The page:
THE FAMILY MAN by Elinor Lipman

Book Quote:

“Throughout his manicure—how foolish he feels to be seen having his nails buffed and cuticles discussed—he ponders how to reveal himself to be the John Henry Archer whose fatherhood dissolved with a divorce.  He hates deception and is not good at it.  But is Thalia’s workplace the proper setting to announce a fact that would most certainly startle her?”

Book Review:

Reviewed by Eleanor Bukowsky (MAY 07, 2009)

In Elinor Lipman’s The Family Man, Henry Archer is a recently retired and unattached attorney who happens to be gay. Henry has a shallow, self-centered, and grating ex-wife, Denise, whose third husband, Glenn Krouch, recently passed away at the age of seventy. All of a sudden, Denise tries to weasel her way back into Henry’s good graces. She seeks free legal advice, since Krouch’s two sons from a former marriage have inherited pretty much everything from their late father. Denise gets a monthly allowance, monitored by the older son and executor, Glenn Junior. It seems that her stepsons are holding her to a prenuptial agreement, “a hideously airtight legal document,” that may even force her to leave her ten room apartment on Park Avenue in New York City.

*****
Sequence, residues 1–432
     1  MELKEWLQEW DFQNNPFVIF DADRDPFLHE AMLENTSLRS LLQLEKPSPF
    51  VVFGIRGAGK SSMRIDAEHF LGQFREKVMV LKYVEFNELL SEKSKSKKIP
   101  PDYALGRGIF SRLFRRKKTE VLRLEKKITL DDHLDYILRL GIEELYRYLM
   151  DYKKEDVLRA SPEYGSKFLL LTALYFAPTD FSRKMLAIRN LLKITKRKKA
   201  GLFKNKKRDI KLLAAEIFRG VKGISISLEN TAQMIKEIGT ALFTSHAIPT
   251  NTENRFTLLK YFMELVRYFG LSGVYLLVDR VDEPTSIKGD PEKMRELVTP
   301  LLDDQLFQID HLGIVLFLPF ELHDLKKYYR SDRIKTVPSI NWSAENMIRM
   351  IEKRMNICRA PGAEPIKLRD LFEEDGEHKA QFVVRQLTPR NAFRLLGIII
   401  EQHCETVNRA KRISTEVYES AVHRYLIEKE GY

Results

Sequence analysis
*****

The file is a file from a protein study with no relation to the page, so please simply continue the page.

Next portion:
Henry has no desire to become his ex-wife’s buddy or knight in shining armor. When he visits Denise, however, he notices photos of Thalia, his stepdaughter whom he hasn’t seen since she was a little girl. Much to his shock, he realizes that Thalia works in the salon where he has his hair cut. Henry decides to reacquaint himself with this now lovely twenty-nine year old woman, who is an aspiring actress and a delightful human being. They soon become fast friends, and Henry does his utmost to make up for the decades during which he and Thalia were separated.

Elinor Lipman is the undisputed queen of the contemporary comedy of manners, and once again, she serves up a frothy and witty soufflé with farcical overtones, a somewhat silly and lightweight plot, romantic entanglements, and amusing banter. The author never takes her subject matter too seriously. Instead, she has fun getting her offbeat cast of characters into and out of outlandish situations. Her theme is the importance of relationships between parents and children, husbands and wives, and any other configuration that works. During the course of this warm and witty novel, Henry  lets go of the past and embraces the future with renewed optimism and joy. He finally experiences the great satisfaction of loving someone special and being loved in return.

AMAZON READER RATING: stars-4-0from 70 reviewers
PUBLISHER: Houghton Mifflin Harcourt (May 5, 2009)
REVIEWER: Eleanor Bukowsky
EXTRAS: Excerpt



May 7, 2009 · Judi Clark · No Comments
Tags:  · Posted in: Contemporary, Family Matters, Humorous

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